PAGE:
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Pompeo and Circumstance: US Policy In The Middle East

Pompeo and Circumstance: US Policy In The Middle East

Over the past week, US Secretary of State Mike Pompeo has been crisscrossing the Middle East in a bid to clarify the Trump administration's policy towards the region. He has been at particular pains to explain what Trump's hasty and controversial decision to pull US troops out of Syria means for allies and adversaries alike.


One slew of answers came in Mr. Pompeo's high-profile policy speech in Cairo last Thursday, where he framed a "new" policy in which Washington is a "force for good" that prioritizes its relationships with traditional Arab allies, rolls back Iranian influence in Iraq, Lebanon, and Syria, and focuses on fighting terrorist groups as a guiding principle for any involvement in the region.

Much of the speech was a deliberate rebuke to the Obama administration's policy of opening to Iran, its dithering responses to the Arab Spring and the Syrian civil war. Also in sharp contrast to Mr. Obama, who spoke in the same place a decade ago, Mr. Pompeo pointedly omitted from his speech any words of support for democracy, human rights, or economic development – a refreshing bit of honesty, some observers have dryly noted.

There is certainly room to debate whether the ideological, hard-power focused approach that Pompeo outlined is the right one. But the speech immediately raised much more immediate and practical question: are Mike and his boss on the same page?

Pompeo's declaration that "when the US retreats, the result is chaos" contrasts sharply with President Trump's move to abruptly withdraw US troops from Syria – a decision that will likely open the way for more Iranian (and Russian) influence in the region. And just yesterday, Pompeo was curiously unable to explain Trump's offhand threat to "devastate" Turkey's economy if Ankara tries to attack Kurdish groups left vulnerable by the US withdrawal.

More broadly, Pompeo's vision of the US as a great power actively shaping the region "for good" seems out of sync with President Trump's "America First" pledges to disentangle the US from nearly two decades of combat action in the region.

Added to which, there are still critical diplomatic staff vacancies in the region – five of the nine countries Pompeo visited still have no US ambassador, and senior regional positions at the State Department remain unfilled.

Unless these policy and staffing issues are resolved, it will be difficult for the US to act credibly and coherently as a force for anything in the region – "good" or otherwise.

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Learn more about how carbon created life on Earth in the second episode of Eni's Story of CO2 series.

As we enter the homestretch of the US presidential election — which is set to be the most contentious, and possibly contested, in generations — Americans are also voting on 35 seats up for grabs in a battle for the control of the Senate. The 100-member body is currently held 53-47 by the Republican Party, but many individual races are wide open, and the Democrats are confident they can flip the upper chamber of Congress.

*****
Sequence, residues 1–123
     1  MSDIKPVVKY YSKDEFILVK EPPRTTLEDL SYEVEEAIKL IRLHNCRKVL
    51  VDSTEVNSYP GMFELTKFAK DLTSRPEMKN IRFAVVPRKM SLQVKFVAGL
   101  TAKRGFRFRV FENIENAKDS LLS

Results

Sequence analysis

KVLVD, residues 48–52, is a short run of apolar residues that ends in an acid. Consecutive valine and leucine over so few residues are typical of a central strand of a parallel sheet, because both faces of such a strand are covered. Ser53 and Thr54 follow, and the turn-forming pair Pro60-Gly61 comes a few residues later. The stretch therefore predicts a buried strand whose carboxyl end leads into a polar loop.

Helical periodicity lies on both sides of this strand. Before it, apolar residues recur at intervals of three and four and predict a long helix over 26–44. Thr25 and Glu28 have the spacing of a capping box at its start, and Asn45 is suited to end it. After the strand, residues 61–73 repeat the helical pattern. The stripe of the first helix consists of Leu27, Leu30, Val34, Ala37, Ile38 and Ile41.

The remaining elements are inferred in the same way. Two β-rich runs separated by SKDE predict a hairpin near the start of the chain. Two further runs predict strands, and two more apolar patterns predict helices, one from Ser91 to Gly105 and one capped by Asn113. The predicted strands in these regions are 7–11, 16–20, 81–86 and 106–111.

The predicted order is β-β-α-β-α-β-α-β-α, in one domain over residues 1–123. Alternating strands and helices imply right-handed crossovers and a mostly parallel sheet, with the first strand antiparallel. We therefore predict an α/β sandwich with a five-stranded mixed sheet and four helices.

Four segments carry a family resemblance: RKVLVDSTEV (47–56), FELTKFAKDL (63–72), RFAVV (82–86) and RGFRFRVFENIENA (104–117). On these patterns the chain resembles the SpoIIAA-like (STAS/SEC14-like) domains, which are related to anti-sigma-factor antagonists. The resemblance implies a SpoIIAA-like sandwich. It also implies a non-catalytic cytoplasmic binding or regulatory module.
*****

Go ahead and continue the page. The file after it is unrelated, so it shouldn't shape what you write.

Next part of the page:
Either way, the result will have a profound impact not only on domestic policy, but also on US foreign relations and other issues with global reach. Here are a few areas where what US senators decide reverberates well beyond American shores.

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On September 23, GZERO Media — in partnership with Microsoft and Eurasia Group — gathered global experts to discuss global recovery from the coronavirus pandemic in a livestream panel. Our panel for the discussion Crisis Response & Recovery: Reimagining while Rebuilding, included:

  • Brad Smith, President, Microsoft
  • Ian Bremmer, President and Founder, Eurasia Group & GZERO Media
  • Jeh Johnson, Partner, Paul, Weiss, Rifkind, Wharton & Garrison, LLP and former Secretary of Homeland Security.
  • John Frank, Vice President, UN Affairs at Microsoft
  • Susan Glasser, staff writer and Washington columnist, The New Yorker (moderator)

Special appearances by UN Secretary-General António Guterres, European Central Bank chief Christine Lagarde, and comedian/host Trevor Noah.

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Will Senate Republicans, who stopped a Supreme Court nomination in 2016, because it was too close to an election, pay a political price for the change in tactics this time around?

Not only do I think they won't pay a political price, I think in many cases, they're going to benefit. Changing the balance of power on the Supreme Court has been a career-long quest for many conservatives and many Republicans. And that's why you've seen so many of them fall in line behind the President's nomination before we even know who it is.

At this point, do Senate Democrats have any hope of stopping President Trump from filling the ninth seat on the Supreme Court?

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In a special GZERO Media livestream on global response and recovery amid the COVID-19 pandemic, Eurasia Group & GZERO Media president Ian Bremmer discussed the difference between Europe's unified approach to economic stimulus and the deeply divided and political nature of the current conversation in the US. While initial stimulus support was bipartisan, there is little chance of Democrats and Republicans coming together again ahead of the November 3 presidential election. "It's red state versus blue state. President Trump's saying that coronavirus isn't so bad if you take the blue states out. He's president of the blue states, you can't take the blue states out," Bremmer told moderator Susan Glasser of The New Yorker.

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Panel: How will the world recover from COVID-19?

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